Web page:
A food safety factory shutdown has Americans hunting for baby formula. Readying themselves for a covid-19 lockdown, Chinese in Beijing emptied store shelves. Emerging from lockdown, some in Shanghai are visiting well-provisioned markets. U.S.-China agricultural trade is booming, but many are still being left hungry. Food security, sustainability and safety remain issues.
A Composite Leviathan
A Composite Leviathan is a two-part exhibition featuring 20 emerging contemporary Chinese artists. Exhibition dates: Sept. 12, 2020 - Feb. 13, 2021.
Bridge Projects is pleased to announce A Composite Leviathan, a two-part exhibition of emerging Chinese artists opening September 12, 2020.
Curated by James Elaine, founder of Telescope, a non-profit art space in Beijing and former curator of Hammer Projects in Los Angeles and the Drawing Center in New York, A Composite Leviathan features twenty contemporary artists from China: Deng Tai, Fan Xi, Stephen Gleadow, He Wei, Jiu Jiu, Li Ran, Li Zhenwei, Liu Dongxu, Liu Fujie, Lyu Zhiqiang, Nabuqi, Wu Di, Xie Hongdong, Yang Jian, Ye Su, Zeng Hong, Zhang Miao, Zhang Ruyi, Zhang Xinjun, and Zhao Yang.
The diverse practices of these artists do not fit neatly into any single category. However, all of their artworks investigate or reflect the rapidly transforming landscape of contemporary culture, including the impact of emergent technologies, globalization, and urban sprawl.
The exhibition draws its title from Yang Jian’s monumental sculpture, “A Composite Leviathan.” The term “leviathan” appears in the Biblical books of Job, Psalms, Isaiah, and Amos. It’s etymological connotation of “joining” suggests the tightly knit scales of a sea dragon. Biblical literature associates this leviathan with chaotic forces which are evidently at odds with the divine, creative order. On account of its apparent etymology, Thomas Hobbes used the term “Leviathan” for the title of his famous political treatise which suggested that national government was a necessary aggregate of social power. Many of the artworks in the exhibition reflect the dynamics of the composite social structures of contemporary society.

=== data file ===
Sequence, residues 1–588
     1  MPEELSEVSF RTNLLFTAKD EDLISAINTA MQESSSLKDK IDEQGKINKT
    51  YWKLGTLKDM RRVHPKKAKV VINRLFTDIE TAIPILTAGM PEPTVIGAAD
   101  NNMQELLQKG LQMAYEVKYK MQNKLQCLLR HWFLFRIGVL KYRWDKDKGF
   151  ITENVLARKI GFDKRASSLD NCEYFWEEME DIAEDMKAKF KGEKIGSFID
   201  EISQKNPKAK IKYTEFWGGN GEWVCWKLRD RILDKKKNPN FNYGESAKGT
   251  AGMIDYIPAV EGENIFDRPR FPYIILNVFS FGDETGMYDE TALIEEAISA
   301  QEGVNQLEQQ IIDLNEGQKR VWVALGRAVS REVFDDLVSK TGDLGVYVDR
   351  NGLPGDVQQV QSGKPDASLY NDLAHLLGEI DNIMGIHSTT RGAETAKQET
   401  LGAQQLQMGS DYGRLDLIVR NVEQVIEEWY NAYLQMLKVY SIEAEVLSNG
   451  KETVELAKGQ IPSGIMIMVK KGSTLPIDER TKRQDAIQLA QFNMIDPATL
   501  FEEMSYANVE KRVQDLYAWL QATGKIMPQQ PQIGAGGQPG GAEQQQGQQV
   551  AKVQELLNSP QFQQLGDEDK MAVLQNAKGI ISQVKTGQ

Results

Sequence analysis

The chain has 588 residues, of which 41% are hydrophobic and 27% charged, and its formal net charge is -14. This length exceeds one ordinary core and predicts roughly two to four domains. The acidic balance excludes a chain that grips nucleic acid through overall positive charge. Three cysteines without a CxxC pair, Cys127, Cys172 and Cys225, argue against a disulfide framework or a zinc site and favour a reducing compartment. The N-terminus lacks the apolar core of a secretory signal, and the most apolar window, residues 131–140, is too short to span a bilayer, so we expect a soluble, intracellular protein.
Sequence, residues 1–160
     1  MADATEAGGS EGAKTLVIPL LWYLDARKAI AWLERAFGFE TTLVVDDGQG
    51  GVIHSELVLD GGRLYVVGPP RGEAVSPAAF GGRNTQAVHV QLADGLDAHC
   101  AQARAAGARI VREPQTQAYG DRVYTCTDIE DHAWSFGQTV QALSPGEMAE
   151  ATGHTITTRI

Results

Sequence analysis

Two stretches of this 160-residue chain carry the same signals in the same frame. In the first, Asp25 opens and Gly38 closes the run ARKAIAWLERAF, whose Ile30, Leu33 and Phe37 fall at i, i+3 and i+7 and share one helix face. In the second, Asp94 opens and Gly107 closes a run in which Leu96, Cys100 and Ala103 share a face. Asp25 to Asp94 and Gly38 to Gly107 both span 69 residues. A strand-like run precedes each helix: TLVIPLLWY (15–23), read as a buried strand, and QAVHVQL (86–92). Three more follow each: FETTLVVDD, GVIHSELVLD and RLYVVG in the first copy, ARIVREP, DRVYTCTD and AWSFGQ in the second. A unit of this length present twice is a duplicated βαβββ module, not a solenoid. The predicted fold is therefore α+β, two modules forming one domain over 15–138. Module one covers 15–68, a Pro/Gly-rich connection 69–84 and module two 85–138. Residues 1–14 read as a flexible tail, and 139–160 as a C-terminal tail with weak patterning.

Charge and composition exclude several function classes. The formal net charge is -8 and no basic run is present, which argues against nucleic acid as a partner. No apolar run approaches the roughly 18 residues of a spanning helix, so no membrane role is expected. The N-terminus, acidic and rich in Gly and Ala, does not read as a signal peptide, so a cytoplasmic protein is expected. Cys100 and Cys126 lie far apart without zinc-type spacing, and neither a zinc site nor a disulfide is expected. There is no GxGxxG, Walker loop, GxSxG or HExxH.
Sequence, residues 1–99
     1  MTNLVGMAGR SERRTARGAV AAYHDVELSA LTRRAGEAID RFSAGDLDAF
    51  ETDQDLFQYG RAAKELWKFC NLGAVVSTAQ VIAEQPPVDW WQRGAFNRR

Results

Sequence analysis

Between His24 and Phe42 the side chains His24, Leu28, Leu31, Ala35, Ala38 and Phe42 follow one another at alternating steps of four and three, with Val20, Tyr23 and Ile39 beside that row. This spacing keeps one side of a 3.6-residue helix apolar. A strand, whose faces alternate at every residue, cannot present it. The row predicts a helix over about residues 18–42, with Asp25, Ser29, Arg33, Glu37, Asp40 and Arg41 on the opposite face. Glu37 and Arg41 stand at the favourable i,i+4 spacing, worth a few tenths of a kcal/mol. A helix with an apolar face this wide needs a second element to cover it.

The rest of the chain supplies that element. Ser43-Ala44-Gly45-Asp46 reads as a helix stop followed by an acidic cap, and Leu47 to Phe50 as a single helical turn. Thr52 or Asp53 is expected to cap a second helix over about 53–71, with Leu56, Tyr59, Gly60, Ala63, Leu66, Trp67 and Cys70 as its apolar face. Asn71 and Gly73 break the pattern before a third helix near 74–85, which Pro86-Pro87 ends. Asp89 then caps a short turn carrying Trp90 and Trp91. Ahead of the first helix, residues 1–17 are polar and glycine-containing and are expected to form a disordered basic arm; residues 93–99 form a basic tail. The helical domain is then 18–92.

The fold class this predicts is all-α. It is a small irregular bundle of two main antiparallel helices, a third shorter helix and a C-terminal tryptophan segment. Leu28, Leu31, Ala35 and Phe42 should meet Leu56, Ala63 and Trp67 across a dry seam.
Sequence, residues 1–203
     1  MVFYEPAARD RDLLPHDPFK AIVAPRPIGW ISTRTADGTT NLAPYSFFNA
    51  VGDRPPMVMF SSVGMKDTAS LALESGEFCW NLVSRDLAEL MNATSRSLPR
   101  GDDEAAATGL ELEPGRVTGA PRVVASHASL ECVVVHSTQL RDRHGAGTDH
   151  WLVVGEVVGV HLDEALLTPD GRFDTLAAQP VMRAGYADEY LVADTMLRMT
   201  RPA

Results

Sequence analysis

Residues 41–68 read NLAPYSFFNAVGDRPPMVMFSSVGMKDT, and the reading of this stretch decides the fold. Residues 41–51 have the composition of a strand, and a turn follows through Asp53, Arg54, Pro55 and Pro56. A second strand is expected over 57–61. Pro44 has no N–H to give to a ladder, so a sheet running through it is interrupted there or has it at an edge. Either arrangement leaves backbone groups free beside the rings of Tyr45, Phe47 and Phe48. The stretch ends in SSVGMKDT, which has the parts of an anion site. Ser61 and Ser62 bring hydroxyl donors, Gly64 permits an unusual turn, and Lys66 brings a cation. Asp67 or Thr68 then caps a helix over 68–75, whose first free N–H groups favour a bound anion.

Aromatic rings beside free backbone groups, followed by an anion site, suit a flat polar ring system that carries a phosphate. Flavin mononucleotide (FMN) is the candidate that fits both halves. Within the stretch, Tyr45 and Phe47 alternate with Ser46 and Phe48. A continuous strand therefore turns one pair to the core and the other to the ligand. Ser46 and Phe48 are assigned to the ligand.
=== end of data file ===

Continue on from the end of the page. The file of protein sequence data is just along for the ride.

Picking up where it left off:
An iteration of the exhibition was first presented at Luhring Augustine Bushwick from October 11, 2019 to February 1, 2020 and featured twelve emerging Chinese artists. In its Los Angeles iteration, the show expands with fresh examples of contemporary art in China. In A Composite Leviathan, each work emerges from the complex fissures of the artists’ own lived realities, both spiritual and political.
The exhibition will be presented in two distinct chapters. All 20 artists will be on view from September 12 to November 21, 2020. The second chapter from December 5, 2020 to February 13, 2021 will be anchored around a large installation by Zhang Xinjun titled Green Hole, a sprawling sculpture constructed of common materials from Chinese construction sites and rural markets.
Ring the bells that still can ring
Forget your perfect offering
There is a crack, a crack in everything
That’s how the light gets in.
—Leonard Cohen, from “Anthem”
In the Bible, Leviathan is a dark creature of immense size which rises out of the sea and cannot be subdued by mere humans alone. “Leviathan” can also refer to anything of enormous proportions and formidable power, such as international corporations or totalitarian states and their vast bureaucracies. In artist Yang Jian’s sculpture A Composite Leviathan, which inspired the exhibition’s title, we see a relic of an intimidating yet tottering state system. The monumental piece is composed of distinct elements sourced from disparate public sculptures and spaces. It is a jigsaw puzzle of incongruous components that don’t fit together quite right but beautifully reveal the twisted metal structure within. These cracks in the armor represent the lines that have drawn this exhibition together. The focus of the show is not political, thematic, religious, or stylistic; rather, it showcases a community of dispersed artists, living in a conflicting system of flux and control, who are drawing the lines that let the light in.
—James Elaine, Curator, A Composite Leviathan
View A Composite Leviathan eBook
Fan Xi 范西
He Wei 何伟
Jiu Jiu 赳赳
Li Ran 李然
Li Zhenwei 李振威
Liu Dongxu 刘冬旭
Liu Fujie 刘符洁
Lyu Zhiqiang 吕志强